What happens when you attempt to take field sobriety tests and realize you cannot perform them and are charged with OUI in Massachusetts?
Often a defendant may say: “I can’t do this anymore,” and “I am too drunk to finish,” are some of the many comments made by defendants as they perform field sobriety tests after getting stopped by a police officer who suspects they are operating under the influence.
Statements like these, made during the field sobriety tests, can be used against you as evidence in a court room. In the case Commonwealth vs. Brown, decided June 20th 2013, the Court ruled that statements made during field sobriety tests are not considered compulsory or testimonial statements and are not protected by Article 12.
The facts of the case are as follows, the defendant, Brown, was driving at 1:30 AM on the wrong side of the street and was observed by Wakefield police officer. The officer then pursued the defendant and eventually pulled him over. At that time, Brown got out of his car and had declared he only had two beers, he was ordered back into his vehicle and a second police officer had arrived.
The officers had the defendant perform two field sobriety tests: nine step walk and turn test, and the one leg stand test. The defendant did not complete the nine step walk and turn test and was then moved onto the one leg stand test. Officer Tobyne demonstrated the one leg stand test to Mr. Brown. Mr. Brown then attempted to perform the test and his foot came down immediately. On his second attempt the defendant lost his balance and stated, ” I can’t do this.”
Article 12 of the Declaration of Rights prohibits the use of evidence, in a criminal proceeding, that falls within one of these two categories:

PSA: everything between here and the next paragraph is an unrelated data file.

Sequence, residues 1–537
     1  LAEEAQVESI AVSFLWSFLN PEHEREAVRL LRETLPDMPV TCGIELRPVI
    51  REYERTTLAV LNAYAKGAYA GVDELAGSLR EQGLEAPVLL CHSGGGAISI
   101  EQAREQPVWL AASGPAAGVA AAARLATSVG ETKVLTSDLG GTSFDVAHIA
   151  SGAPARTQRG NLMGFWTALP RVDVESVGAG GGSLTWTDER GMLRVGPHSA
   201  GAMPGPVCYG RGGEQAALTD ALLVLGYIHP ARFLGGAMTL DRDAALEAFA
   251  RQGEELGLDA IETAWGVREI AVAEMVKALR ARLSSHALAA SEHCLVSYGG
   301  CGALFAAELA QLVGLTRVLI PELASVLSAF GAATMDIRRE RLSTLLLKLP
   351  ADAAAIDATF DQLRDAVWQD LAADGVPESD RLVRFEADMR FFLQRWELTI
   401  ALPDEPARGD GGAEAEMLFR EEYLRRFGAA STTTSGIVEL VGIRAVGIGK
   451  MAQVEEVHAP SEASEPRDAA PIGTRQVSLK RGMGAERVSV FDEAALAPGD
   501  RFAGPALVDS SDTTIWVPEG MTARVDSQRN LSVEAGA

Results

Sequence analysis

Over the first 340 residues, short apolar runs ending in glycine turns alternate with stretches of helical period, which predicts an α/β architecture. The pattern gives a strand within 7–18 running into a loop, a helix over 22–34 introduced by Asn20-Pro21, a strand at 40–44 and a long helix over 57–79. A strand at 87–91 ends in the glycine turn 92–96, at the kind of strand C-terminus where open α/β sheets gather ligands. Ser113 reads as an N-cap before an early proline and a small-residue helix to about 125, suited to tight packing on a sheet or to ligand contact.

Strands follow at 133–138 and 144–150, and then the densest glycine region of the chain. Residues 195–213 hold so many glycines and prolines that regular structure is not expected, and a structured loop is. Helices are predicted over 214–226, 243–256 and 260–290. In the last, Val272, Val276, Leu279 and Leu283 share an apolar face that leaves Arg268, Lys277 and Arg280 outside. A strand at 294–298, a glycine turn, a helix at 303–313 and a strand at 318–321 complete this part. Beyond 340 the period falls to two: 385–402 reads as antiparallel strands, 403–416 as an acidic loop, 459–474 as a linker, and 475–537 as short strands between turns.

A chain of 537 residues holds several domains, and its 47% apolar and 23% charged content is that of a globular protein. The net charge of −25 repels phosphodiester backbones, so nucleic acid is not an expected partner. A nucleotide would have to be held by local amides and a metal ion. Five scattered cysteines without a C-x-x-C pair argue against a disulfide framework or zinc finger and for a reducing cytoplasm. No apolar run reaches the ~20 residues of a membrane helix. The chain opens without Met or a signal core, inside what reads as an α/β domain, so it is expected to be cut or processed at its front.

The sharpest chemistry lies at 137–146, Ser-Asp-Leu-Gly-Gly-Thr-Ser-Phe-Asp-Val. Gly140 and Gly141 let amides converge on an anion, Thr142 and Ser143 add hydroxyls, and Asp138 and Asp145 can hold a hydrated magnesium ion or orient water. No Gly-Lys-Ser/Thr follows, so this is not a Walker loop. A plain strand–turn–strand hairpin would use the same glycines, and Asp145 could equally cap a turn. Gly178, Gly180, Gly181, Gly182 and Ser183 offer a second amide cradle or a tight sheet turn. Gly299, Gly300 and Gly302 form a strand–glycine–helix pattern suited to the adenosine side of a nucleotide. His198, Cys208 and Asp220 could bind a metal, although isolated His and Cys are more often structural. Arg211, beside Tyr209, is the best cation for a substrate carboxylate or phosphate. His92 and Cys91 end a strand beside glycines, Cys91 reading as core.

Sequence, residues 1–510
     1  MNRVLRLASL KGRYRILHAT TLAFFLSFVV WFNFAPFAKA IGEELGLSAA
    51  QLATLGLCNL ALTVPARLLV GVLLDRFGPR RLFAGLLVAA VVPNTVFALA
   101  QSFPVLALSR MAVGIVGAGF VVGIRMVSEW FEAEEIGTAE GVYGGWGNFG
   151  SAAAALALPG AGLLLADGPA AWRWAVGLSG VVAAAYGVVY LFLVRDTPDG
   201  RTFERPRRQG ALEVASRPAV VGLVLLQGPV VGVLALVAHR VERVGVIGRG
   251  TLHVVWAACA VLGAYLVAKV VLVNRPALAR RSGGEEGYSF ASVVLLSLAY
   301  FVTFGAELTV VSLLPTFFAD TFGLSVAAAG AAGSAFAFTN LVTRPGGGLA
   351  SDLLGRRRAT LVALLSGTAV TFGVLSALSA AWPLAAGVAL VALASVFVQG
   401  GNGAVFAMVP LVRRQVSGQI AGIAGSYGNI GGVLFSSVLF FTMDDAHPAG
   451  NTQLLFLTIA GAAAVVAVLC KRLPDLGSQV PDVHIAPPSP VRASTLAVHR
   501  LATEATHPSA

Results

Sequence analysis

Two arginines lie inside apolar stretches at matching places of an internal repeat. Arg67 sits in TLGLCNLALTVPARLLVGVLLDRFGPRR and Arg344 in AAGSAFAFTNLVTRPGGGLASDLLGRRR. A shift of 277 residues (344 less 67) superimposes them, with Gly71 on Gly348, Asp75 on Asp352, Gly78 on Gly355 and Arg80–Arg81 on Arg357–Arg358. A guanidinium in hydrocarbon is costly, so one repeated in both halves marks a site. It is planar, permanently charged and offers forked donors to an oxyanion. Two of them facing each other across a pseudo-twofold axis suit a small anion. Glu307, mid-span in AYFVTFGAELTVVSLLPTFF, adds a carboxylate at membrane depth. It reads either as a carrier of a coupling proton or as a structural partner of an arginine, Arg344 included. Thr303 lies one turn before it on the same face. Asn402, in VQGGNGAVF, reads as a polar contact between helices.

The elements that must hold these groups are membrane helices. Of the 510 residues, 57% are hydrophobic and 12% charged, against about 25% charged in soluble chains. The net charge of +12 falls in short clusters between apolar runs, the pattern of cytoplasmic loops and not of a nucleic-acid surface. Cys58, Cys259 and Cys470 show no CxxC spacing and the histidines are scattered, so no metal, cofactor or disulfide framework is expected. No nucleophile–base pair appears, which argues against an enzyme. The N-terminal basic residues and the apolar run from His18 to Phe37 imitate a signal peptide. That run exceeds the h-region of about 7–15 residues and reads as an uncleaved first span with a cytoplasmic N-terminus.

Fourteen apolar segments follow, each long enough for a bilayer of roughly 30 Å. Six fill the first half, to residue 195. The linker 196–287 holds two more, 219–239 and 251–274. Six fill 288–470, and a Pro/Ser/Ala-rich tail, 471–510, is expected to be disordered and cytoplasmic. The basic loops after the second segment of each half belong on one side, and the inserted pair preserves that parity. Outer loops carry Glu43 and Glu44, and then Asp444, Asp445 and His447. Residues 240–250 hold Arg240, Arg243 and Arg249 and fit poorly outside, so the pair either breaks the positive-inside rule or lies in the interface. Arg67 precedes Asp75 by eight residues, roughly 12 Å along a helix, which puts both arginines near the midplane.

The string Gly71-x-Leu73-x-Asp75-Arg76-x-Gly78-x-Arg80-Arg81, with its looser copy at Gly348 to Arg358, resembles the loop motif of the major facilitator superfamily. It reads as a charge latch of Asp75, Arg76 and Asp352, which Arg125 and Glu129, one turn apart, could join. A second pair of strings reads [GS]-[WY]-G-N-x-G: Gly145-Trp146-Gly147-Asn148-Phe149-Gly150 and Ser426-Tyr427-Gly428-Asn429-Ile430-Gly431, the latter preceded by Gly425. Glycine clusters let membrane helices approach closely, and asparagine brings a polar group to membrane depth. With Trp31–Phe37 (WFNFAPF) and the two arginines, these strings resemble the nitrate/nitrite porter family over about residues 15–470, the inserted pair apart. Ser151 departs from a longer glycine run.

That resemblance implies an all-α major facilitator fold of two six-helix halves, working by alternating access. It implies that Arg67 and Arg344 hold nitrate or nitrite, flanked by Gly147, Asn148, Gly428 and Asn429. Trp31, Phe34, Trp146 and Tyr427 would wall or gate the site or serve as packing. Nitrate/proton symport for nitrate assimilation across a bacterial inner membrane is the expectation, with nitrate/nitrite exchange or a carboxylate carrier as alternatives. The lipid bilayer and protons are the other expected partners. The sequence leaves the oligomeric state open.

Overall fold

1) governmental compulsion
The court describes governmental compulsion as something that puts a defendant in a “catch-22” like situation where they have to choose between two things that with either choice would create evidence against the defendant, whatever choice the defendant chooses is self incriminating. An exampled of this is the refusal to take the field sobriety tests at all, if this was evidence allowed in court the defendant had no opportunity to make a choice that was not damaging to his case. He could either choose to take the test and create real evidence against him, or refuse to take the test and infer that he is guilty and supposedly showing that he himself feels he is “too drunk” to perform the tests correctly.
The court determined that statements made during the performance of a consented to field sobriety test is not that of compulsion, because compulsion requires that either choice would be self incriminating against the defendant, the state did not compel Mr. Brown to make the statement, “I can’t do this,” therefore it is not considered compulsive.
The court goes on to explain testimonial statements that are protected by Article 12. Tests of physical coordination such as the walking test or holding one leg up for a number of seconds are not considered testimonial because they do not reveal a person’s knowledge or thoughts concerning some facts. Sobriety Tests such as reciting the alphabet backwards, and counting backwards, do not violate article 12 because even if they were considered testimonial responses they were not the product of governmental compulsion.
The courts have previously held that once a subject consents to take a test, the defendants physical actions in performing the test are not testimonial and may be used at trial. The court differentiated between a defendant’s refusal to take a test and the voluntary statements made by a subject while performing a test. The difference is that the statements made during the performance of a test are not governmentally compulsive statements, such as that of a refusal to take a test. A mere statement of “I can’t do this” or “I give up” does not constitute a compulsion claim, and therefore can be submitted into evidence. If the defendant had attempted some tests and then had refused to continue to take the tests, then that would be considered inadmissible and compelled testimony, but in this case the defendant just stating that he “can’t do this” was not a result of governmental compulsion and is therefore deemed admissible as evidence.
While the Commonwealth may be able to use evidence of a partial performance on a field sobriety test, in most cases the defendant is not told asked about medical conditions prior to understanding the instructions on the test. Once the person understands what the officer is requesting, the motorist is in a better position to say whether he or she can perform field sobriety tests. At trial, it can be argued that the defendant wanted to perform, tried and realized they could not perform the test and did not realize that the officer would draw a negative inference from giving it a shot and then stopping the test.